As is often the case, I’m writing about something that will be outdated by the time you read it.
But in the presidential race taking place during this bizarre year that continues to be a gift that keeps on giving, things change minute by minute.
Postmortem on the first presidential debate, which was nothing short of a national embarrassment, was barely getting started before the announcement from President Trump (on Twitter, of course) that he and the first lady had tested positive for COVID.
For a moment in time, we had a pause from the vitriol as political allies and opponents alike expressed their concern, extending good wishes to President and Mrs. Trump.
But it was, in fact, only a moment. As the weekend began, we watched as Trump was taken by helicopter from the White House to Walter Reed Hospital. We watched his videos and read his tweets.
We listened to contradictory and misleading information from his doctor. And late Sunday we watched him take a joy ride/victory lap while he was still hospitalized, waving to supporters outside the hospital.
On Monday evening the helicopter took him back to the White House, even as reports of his condition were still cryptic. He descended from the helicopter and walked up the stairs to the White House residential quarters. Before walking in, he stripped his mask from his face and made yet another gesture of power.
He released another video shortly after that, telling us not to be afraid of COVID, and to not let it dominate our lives.
At that point, the gloves came back off. The Trump detractors had had enough.
By then we had learned a number of people attending a Rose Garden ceremony, in which Trump had announced his nomination of Amy Coney Barrett to the U.S. Supreme Court, had tested positive for COVID.
Similar to the night of his RNC acceptance speech on the White House lawn, where supporters sat shoulder to shoulder, mostly unmasked, onlookers at the nomination ceremony were much the same. Footage showed hugs and handshakes.
So in their arsenal of offenses committed by this incumbent candidate, his critics now not only have his mishandling, in their view, of the pandemic, but the callous way he has conducted himself in the midst of it. After being diagnosed himself, he put others in danger without a thought before telling us not to be afraid.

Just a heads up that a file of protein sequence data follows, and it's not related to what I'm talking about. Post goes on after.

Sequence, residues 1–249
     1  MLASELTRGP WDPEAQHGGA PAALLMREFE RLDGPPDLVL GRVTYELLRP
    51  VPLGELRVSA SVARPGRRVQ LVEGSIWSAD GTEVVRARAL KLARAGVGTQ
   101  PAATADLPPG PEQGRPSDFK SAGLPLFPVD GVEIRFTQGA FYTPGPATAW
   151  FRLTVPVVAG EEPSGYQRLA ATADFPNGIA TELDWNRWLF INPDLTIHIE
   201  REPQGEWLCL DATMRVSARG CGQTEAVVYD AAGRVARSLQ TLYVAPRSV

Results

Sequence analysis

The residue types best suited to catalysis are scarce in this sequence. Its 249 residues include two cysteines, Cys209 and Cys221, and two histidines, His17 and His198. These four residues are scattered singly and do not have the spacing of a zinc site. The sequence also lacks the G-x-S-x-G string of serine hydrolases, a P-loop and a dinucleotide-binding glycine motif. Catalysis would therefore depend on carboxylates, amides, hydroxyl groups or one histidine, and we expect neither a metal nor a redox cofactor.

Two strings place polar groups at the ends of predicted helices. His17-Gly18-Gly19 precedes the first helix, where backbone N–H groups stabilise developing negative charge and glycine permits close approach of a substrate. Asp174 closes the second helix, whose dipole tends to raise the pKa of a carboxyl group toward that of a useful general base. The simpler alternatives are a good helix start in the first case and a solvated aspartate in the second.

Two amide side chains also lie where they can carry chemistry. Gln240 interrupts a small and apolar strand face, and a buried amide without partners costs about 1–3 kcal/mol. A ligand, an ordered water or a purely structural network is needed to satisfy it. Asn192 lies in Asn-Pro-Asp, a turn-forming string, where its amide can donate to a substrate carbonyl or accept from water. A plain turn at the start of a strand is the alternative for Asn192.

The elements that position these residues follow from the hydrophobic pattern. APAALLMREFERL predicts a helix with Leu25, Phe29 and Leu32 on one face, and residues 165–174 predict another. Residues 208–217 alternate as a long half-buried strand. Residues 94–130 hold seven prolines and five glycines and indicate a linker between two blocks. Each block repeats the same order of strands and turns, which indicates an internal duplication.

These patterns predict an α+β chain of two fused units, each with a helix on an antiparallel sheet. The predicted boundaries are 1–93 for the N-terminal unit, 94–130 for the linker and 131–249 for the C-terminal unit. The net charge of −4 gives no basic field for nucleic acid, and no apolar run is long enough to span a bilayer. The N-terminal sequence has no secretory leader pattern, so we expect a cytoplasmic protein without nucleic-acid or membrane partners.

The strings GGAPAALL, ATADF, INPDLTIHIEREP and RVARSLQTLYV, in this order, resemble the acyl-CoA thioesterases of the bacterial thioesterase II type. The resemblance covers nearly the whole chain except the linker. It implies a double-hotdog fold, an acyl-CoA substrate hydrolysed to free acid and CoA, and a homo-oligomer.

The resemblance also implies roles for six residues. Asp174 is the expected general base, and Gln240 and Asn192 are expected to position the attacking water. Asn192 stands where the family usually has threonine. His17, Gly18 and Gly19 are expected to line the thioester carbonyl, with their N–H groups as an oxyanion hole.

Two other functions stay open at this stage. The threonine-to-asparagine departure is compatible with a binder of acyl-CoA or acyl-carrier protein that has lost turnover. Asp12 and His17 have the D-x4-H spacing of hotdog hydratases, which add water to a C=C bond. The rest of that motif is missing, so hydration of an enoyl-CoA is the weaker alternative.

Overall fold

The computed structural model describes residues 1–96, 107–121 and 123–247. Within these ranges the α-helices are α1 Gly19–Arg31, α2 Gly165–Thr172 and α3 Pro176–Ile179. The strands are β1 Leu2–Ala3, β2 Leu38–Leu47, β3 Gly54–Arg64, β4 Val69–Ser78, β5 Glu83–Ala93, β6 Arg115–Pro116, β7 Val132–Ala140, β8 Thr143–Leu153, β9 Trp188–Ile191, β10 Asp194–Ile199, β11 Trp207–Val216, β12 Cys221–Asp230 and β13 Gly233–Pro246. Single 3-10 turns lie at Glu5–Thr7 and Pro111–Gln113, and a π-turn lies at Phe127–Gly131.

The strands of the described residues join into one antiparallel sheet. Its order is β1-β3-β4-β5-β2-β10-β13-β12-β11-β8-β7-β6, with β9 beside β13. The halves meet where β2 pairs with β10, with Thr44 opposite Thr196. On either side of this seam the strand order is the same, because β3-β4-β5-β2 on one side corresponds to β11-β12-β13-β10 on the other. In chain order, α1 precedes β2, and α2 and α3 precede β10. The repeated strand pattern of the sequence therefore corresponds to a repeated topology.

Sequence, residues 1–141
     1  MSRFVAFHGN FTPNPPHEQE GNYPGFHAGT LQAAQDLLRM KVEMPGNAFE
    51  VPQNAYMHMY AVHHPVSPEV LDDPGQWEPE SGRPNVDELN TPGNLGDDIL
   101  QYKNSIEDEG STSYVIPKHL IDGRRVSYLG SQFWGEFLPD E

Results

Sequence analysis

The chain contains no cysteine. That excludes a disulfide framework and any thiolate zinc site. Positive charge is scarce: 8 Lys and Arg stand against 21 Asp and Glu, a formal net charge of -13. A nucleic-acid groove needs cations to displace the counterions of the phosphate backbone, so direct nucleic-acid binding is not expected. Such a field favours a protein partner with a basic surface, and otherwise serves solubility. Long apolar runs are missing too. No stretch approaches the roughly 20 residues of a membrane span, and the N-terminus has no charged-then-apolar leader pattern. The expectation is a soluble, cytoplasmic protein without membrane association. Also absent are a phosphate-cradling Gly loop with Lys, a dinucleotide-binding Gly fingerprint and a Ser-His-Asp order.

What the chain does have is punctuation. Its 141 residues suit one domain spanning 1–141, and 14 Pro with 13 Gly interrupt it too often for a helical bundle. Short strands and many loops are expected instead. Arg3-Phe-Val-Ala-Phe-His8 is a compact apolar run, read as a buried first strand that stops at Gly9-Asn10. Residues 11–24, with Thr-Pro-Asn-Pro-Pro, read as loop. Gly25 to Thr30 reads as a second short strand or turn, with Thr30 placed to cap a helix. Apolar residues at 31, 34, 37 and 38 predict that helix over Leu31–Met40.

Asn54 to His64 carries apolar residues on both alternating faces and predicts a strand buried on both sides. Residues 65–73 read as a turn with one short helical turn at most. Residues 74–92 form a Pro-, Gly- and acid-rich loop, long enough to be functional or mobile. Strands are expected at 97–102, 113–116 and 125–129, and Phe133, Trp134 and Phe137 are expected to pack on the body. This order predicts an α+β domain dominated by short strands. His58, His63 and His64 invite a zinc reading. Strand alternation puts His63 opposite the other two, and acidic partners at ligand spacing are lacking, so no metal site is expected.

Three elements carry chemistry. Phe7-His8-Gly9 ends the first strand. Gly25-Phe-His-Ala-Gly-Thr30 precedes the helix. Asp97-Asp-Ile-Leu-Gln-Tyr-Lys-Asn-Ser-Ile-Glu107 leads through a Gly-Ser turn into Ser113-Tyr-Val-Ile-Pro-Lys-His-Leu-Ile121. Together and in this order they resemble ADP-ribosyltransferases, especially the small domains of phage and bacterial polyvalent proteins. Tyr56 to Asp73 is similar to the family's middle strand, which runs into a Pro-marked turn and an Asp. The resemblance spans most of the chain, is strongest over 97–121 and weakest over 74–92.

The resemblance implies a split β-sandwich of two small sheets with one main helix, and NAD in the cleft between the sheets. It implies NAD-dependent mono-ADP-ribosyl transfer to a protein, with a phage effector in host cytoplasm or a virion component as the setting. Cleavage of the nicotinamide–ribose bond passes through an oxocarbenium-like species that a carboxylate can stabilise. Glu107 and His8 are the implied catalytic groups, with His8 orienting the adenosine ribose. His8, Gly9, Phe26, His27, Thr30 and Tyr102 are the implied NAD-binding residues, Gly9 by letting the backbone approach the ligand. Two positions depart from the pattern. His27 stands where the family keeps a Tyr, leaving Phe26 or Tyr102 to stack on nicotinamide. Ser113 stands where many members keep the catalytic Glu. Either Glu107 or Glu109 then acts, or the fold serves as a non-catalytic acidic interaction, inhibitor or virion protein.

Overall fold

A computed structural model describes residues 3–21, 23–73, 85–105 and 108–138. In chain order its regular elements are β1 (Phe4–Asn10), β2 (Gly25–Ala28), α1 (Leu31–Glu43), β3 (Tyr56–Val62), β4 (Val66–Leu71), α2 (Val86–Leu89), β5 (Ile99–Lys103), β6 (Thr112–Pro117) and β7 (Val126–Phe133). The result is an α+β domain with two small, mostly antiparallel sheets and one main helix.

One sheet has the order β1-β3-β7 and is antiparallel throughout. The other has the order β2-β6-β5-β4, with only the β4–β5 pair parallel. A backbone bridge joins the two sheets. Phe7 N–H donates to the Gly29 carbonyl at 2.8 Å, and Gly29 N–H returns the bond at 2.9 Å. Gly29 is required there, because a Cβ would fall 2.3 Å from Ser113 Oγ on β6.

The tongues are once again wagging, and the grace extended was brief.
As I write this, it’s the day after the vice-presidential debate, a much more civil and watchable affair than the presidential face-off, but one that hardly could have changed the minds of any undecided voters. Kamala Harris and Mike Pence each had a mission, and each clearly had a memorized script, which they managed to work in even if their narratives had little to do with a question asked by debate moderator Susan Page.
I lost count of how many times each of them, when asked a question by Page, simply ignored it and talked about something else.
Although I’ve seen more criticism of Pence for doing this, I would submit Harris was just as guilty. There was not one question about her birth or her upbringing, but in response to a question about whether she and Biden had discussed a contingency plan in the event a health event prevented him from serving, she managed to recite a condensed version of her life story, beginning with her being born to an immigrant.
(To be fair, when Pence responded to the same question about discussing a contingency plan with Trump, he criticized the Obama administration’s handling of the 2009 swine flu.)
The comic relief of the night occurred when a fly perched itself on the top of Pence’s white hair for a little more than two minutes. Social media had a field day with that one.
Lord knows comic relief is welcome these days.
Again, this will be old news (and it could have changed) by the time it’s in front of you, but the latest news in the race is that President Trump says he will not participate in the next debate scheduled for Oct. 15. With the Commission on Presidential Debates changing it to a virtual format, Trump says it would be a waste of his time.
And so it continues, and so it will, right up until this is mercifully over on Nov. 3.
But we all know it might not really be over that day. With record numbers of mail-in votes (including mine) and the allegations of fraud already firmly entrenched in the conversation, a contested election that goes to the courts is highly likely.
So get ready. The year 2020 could get stranger still.
Bob McKinney is a longtime Brentwood resident, happy husband and proud father, father-in-law and grandfather. Email him at [email protected].